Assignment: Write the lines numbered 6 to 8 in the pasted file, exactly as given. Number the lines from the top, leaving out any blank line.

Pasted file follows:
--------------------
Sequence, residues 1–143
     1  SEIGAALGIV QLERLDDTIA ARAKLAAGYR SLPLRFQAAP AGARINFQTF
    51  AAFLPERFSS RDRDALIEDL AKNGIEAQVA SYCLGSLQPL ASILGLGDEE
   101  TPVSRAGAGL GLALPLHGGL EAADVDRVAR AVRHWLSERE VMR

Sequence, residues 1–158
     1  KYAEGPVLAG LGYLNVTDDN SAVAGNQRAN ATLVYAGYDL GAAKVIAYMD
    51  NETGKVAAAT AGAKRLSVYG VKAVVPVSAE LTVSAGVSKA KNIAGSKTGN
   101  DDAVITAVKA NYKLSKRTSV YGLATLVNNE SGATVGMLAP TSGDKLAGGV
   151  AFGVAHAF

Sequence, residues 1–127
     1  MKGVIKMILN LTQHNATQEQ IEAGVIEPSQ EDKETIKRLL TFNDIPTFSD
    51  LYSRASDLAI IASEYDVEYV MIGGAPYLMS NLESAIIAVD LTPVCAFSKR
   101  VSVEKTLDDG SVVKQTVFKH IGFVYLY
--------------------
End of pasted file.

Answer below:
     1  KYAEGPVLAG LGYLNVTDDN SAVAGNQRAN ATLVYAGYDL GAAKVIAYMD
    51  NETGKVAAAT AGAKRLSVYG VKAVVPVSAE LTVSAGVSKA KNIAGSKTGN
   101  DDAVITAVKA NYKLSKRTSV YGLATLVNNE SGATVGMLAP TSGDKLAGGV